In a recent special issue published in the Nutrients Journal, researchers described the health benefits of vegetarian diets.
Study: Vegetarians: Past, Present, and Future Regarding Their Diet Quality and Nutritional Status. Image Credit: Creative Cat Studio/Shutterstock.com
The word "vegetarian" mainly refers to those who avoid eating meat, fish, fowl, and their derivatives. Due to the absence of meat or meat products, vegetarian diets (ovo-lacto-vegetarian, vegan, and pescatarian) are typically considered healthier alternatives to standard diets.
However, the health advantages of vegetarianism may vary depending on the total diet quality, which may be varied, as may their impact on nutritional status and health.
Given the surge in vegetarianism in recent years, the food sector has discovered new business potential.
Previously, vegetarian cuisine was restricted to particular or local businesses; however, some vegetarian companies and restaurants have modified their goods to better suit their target demographic.
About the special issue
In the present special issue, researchers presented the dietary quality of vegetarian diets compared to non-vegetarian diets based on manuscripts emphasizing nutrition, dietary quality, diet patterns, and/or wellness in experimental and observational studies, including individuals of all ages.
Reasons for vegetarianism and different types of vegetarian diets
The health advantage of vegetarianism is not the only reason for its rise worldwide. Other factors include eating disorders, moral ideologies, personal identity, social connections, cultural customs, religious views, and environmental concerns.
Given the diversity and plethora of underlying factors, it is apparent that vegetarian-type diets are diverse and must not be characterized by eating meat.
The ovo-lacto-vegetarian diet avoids fish, meat, and their byproducts while consuming eggs and milk. In contrast, the vegan diet avoids all animal products, including eggs, milk, and any food product tested on animals.
Among the aforementioned classes, pescatarians (vegetarians who consume fish), ovo-, and lacto-vegetarians are forms of vegetarian diets.
It is critical to recognize the nutritional differences between vegetarian diets. Vegans consume less calcium, protein, calories, and saturated fat while eating more dietary fibre-rich foods than omnivores.
As a result, vegans may be at greater risk of mineral and vitamin deficiency, which is essential to maintain balance in several physiological systems, such as bone and blood health, sperm quality, homocysteine levels, and psychological and dental health. Vegetarians may be more prone to anemia, depression, and tooth erosion.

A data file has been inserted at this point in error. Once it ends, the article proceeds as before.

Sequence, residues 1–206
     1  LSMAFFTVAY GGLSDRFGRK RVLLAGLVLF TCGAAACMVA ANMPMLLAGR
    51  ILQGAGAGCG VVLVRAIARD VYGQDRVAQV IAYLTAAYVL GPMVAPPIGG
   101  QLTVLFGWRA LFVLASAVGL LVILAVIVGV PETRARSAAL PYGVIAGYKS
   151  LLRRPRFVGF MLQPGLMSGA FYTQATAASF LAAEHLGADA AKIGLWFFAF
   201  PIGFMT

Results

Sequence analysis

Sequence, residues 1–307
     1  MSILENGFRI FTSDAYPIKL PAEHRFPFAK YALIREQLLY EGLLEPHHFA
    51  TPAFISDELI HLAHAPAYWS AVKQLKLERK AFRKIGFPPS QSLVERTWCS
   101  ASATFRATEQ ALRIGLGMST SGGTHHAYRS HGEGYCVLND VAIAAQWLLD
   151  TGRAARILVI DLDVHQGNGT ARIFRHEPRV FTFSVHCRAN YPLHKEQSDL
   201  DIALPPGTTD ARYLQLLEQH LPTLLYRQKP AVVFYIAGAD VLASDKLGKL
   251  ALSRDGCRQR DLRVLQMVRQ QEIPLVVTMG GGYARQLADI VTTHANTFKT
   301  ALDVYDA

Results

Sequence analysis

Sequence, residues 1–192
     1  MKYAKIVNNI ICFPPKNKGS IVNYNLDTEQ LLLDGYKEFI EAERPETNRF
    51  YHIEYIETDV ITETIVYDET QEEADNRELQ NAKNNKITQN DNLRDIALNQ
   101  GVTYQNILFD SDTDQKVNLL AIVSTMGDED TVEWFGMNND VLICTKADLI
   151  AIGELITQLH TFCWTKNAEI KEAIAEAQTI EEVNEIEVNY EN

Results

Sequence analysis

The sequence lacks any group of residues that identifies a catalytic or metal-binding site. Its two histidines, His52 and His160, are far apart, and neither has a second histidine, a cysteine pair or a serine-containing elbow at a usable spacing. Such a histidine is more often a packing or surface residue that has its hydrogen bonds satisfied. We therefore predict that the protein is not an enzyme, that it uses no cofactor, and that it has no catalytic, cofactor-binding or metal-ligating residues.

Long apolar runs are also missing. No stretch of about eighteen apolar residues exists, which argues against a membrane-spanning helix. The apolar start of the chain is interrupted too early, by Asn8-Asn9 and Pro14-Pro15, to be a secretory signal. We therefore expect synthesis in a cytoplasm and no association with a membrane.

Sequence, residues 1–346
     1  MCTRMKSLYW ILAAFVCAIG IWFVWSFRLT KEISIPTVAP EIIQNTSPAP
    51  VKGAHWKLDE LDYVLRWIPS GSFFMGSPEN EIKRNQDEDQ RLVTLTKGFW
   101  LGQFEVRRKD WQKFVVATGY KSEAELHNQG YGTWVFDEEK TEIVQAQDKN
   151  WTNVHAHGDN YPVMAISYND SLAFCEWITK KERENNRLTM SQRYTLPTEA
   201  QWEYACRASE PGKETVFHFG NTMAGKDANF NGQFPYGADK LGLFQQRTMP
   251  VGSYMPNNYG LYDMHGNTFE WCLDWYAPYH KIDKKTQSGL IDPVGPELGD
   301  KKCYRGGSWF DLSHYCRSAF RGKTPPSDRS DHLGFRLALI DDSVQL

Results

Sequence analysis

Vegetarian diet: advantages and disadvantages
Studies have reported that vegetarians have a lower likelihood of being obese or suffering from chronic medical disorders such as hypertension, diabetes mellitus type 2, coronary artery disease, malignancy, and all-cause deaths than those following traditional diets and non-vegetarians.
Vegetarian diets offer various health benefits, such as lowering body mass index (BMI), blood pressure, glucose, cholesterol, homocysteine, triglycerides, and inflammatory biomarkers.
A meta-analysis showed that vegetarian diets were related to a 4.60 kg-weight reduction (mean). The European Prospective Investigation into Cancer and Nutrition (EPIC)-Oxford trial findings showed that vegetarian individuals had lower BMI and systolic-type blood pressure values than non-vegetarians.
The differences showed greater statistical significance for vegan diet followers than those following the lacto-ovo vegetarian diet. In addition, vegetarian diets were associated with lower coronary artery disease risk [risk ratio (RR) of 0.7] and tumors at particular locations compared to non-vegetarians. The RR values for stomach and bladder cancers were 0.4 and 0.6, respectively.
A prospective cohort study in the United Kingdom (UK) showed a 32%-lower coronary artery disease risk among vegetarian individuals, lower body mass index values, and non-high-density lipoprotein (non-HDL) levels.
In contrast, a UK-based study showed that pescatarians might have lower cardiovascular disease risks than vegetarians since fish is a vital source of cardioprotective nutrients such as polyunsaturated fatty acids (PUFA, mainly omega-3), selenium, and vitamin D.
Vegetarian plant-based diets give appropriate amounts of most nutrients but may have lower omega-3, calcium, vitamin B12, iron, zinc, and magnesium levels in some situations.
Deficits in omega-3 fatty acids and vitamin B12 are directly related to a lack of nutrient-rich foods, whereas mineral deficiencies have been linked to increased consumption of certain fibrous foods, which may reduce the absorption and thus bioavailability of minerals such as iron, calcium, and zinc.
A vegetarian diet carefully designed to minimize vitamin shortages can be advantageous for older individuals. On the other hand, consuming more unprocessed foods and saturated fats like butter and ghee may raise the chances of severe obesity and bariatric surgery.
According to reports, ultra-processed-type foods comprise 40% and 37% of the caloric intake of vegan and ovo-lacto vegetarian diet followers, respectively. Plant-based hamburgers or sausages may contain salt and saturated fats in high amounts.
The findings suggest that properly controlled and well-planned plant-based vegetarian diets may provide significant overall health advantages.
However, there is also worry about vegetarian diet limits; they might be deficient in crucial nutrients required for human health.
Since vegetarian diets may not always be synonymous with healthy diets, caution must be exercised while selecting the type of vegetarian diet. Future research is required to properly classify vegetarianism, considering their use of other food items, including ultra-processed foods.